Choreographer Shobana Jeyasingh explores the 19th century tangled love story of La Bayadère. La Bayadère’s main character is an Indian temple dancer, Nikiya who is in love with the warrior Solor. The princess Gamzatti is ordered to marry Solor and poisons Nikiya. Her death leads Solor to despair and ultimately self-destruction…
Through storytelling, postmodern dance, Indian classical dance (Bharatanatyam) and technology, Shobana embraces Marius Petipa’s 19th century ballet, La Bayadère, and his curiosity and fascination of Indian dancers.
Shobana Jeyasingh Dance
Choreographer, Concept & Direction: Shobana Jeyasingh
Set & Costume Design: Tom Piper
Music: Gabriel Prokofiev
Light Design: Fabiana Piccioli
Video Design: Sander Loonen
16th October 2017
Sadler’s Wells Theatre
Review produced by: Tamar Dixon – Unique Tay
A European Ballet set in 19th century India.
The famous ballet first premiered in St Petersburg at the Bolshoi Theatre, in 1877. It was set in Royal India and showcased powerful ballerinas. With hints of Indian cultural characteristics, this famous ballet portraying India had no Indian dancers actually performing on stage. Shobana’s genuine interest for La Bayadère sparks inspiration to revisit Petipa’s work, by flipping the table and including an Indian male dancer to play Nikiya. Her Bayadère is performed by Sooraj Subramaniam.
Actor Adi Chugh first takes the stage, costumed in western business attire and set in a modern day hotel room. Chugh exchanges WhatsApp messages with his friend, who shares his own recent trip to the ballet to see La Bayadère. Chugh’s exchanged messages are skilfully projected on a big screen, enabling the audience to also watch dance clips of La Bayadère. Chugh slowly gazes at his screen watching video performances of each dancer entering the stage showing off their individual distinct characteristics.
The use of technology, featuring WhatsApp was unexpected, as this left me sitting on edge, eager to learn how the use of technology progresses throughout the duration of Shobana’s version of La Bayadère, Bayadère – The Ninth life.
…”twisted love and revenge through classical Ballet and Bharatanatyam”.
Chugh becomes the Indian temple dancer, who is now performed by Subramaniam. The stage is flooded with the cast, who swifts through from left to right, as they push and pull Subramaniam on mobile frames. He creates divine postures on the frames but he is still somewhat objectified. First adored, fetishised, only to then be rejected, as his gestures are imitated, particularly with the use of fans. I admired the use of fans especially as the cast were expressive with their attitude, very bold and confident.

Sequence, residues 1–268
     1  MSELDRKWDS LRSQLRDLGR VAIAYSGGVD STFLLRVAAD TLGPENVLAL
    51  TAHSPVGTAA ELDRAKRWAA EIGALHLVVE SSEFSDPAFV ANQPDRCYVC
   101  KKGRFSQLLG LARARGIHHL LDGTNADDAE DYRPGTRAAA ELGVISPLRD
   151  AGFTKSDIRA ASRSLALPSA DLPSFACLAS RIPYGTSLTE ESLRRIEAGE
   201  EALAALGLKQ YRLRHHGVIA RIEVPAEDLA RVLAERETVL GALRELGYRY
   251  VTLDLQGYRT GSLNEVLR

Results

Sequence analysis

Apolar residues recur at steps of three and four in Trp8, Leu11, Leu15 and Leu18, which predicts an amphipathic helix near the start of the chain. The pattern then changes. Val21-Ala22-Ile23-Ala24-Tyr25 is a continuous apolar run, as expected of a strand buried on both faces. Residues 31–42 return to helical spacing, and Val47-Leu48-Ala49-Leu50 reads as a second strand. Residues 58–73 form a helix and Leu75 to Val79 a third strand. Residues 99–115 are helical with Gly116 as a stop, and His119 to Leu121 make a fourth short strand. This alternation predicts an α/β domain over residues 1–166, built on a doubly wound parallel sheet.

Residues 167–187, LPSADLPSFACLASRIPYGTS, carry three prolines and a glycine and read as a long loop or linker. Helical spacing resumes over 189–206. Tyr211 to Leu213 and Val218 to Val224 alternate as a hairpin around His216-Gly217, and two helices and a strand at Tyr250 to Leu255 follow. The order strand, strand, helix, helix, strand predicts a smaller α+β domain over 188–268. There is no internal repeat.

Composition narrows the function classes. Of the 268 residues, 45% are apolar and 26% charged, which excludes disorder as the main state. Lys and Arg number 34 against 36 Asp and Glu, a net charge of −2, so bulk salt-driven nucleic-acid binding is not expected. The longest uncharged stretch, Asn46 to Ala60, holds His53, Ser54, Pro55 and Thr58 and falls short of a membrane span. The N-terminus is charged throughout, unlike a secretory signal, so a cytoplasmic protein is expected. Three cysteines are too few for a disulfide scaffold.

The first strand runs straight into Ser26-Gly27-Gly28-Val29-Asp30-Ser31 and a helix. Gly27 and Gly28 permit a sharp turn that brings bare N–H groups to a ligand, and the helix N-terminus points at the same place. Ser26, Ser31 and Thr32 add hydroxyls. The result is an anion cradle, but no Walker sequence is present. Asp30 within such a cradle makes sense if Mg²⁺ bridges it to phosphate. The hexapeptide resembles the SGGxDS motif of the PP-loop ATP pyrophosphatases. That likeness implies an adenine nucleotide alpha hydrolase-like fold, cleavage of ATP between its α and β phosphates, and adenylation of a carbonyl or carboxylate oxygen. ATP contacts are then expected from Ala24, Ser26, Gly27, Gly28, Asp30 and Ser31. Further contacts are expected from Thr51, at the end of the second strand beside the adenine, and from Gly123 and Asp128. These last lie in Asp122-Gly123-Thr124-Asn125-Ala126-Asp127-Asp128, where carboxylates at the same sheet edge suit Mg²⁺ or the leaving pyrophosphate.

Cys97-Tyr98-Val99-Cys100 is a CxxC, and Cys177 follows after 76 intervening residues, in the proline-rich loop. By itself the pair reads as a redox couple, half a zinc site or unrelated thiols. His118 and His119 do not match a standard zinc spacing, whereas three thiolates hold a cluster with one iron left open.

As Shobana’s work continues, the pace gradually accelerates with exchanges of rapid, sharp, bodily movements. The cast typically partners up like magnets, suddenly and consistently switching positions, with pauses and turns of animalistic movements like a peacock… While the Indian Temple dancer, Subramaniam blends Nikiya’s twisted love and revenge through classical ballet and Bharatanatyam.
Stage design and technology in dance.
This one of a kind choreography is accompanied with a voice over, capturing the tensions on stage, taken from 19th century writer Theophile Gautier. The stage appearance is set quite modestly, and is designed by Tom Piper. The dark stage is deprived of objects apart of the mobile frames resembling temple shapes and the copper cables above like clouds. I feel that this dark daunting stage design fits perfectly, considering the rebellious love story. I acknowledge that Piper attempts to sustain the originality of La Bayadère through his designs and imagery of royalty, where Nikiya is costumed in dazzling Indian body and nose jewellery.
In terms of design and technology, video designer Sander Loonen, portrays a ballet dancer on a large background screen, who occasionally and delicately dances across the stage with the creative use of image filter effects, such as ‘negative’ and TV ‘static’. Implementing the use of technology and video in dance production can be used as a tool to interact more closely, enhancing the audience’s experience. This is an innovative idea. Although, this usage left some gaps in my mind, as I struggled to comprehend the link of utilising this idea, especially for this specific performance. The overall performance would have been equally fascinating without the use of technology.
About Shobana Jeyasingh Dance.
Shobana Jeyasingh Dance creates stimulating experiences to stage and site-specific locations of modern dance forms with her foundation rooted in Indian classical dance. Her work has been challenging, daring and inspired by the world around us. It is evident that dance is a piece of art, as Shobana expresses curiosity through dance.
La Bayadère represents how cultures can easily influence one another, be entwined through art and dance. However, Shobana’s thought-provoking, enticing dance theatre piece Bayadère – The Ninth Life, somehow sheds light on the lack of Indian representations. She questions as an Indian woman how could the original ballet La Bayadère retrieve so much praise, despite it imitating Indian dancers (what they assumed was Indian) with little to no recognition of where it originated from. Was La Bayadère a La Bayadère blatant cultural appropriation or simply a gesture of admiration?
Inspiration – Shobana’s work certainly inspires me as a young creative. I am on the route to utilising my own creative skillset keeping my spider diagram of ideas tucked away in my mind (and on paper of course).
Catch my first review of Shobana’s past work Material Men Redux
If you like my reviews please LIKE | FOLLOW | SHARE and of course your comments and thoughts are welcome.
Bookings for future reviews contact – firstname.lastname@example.org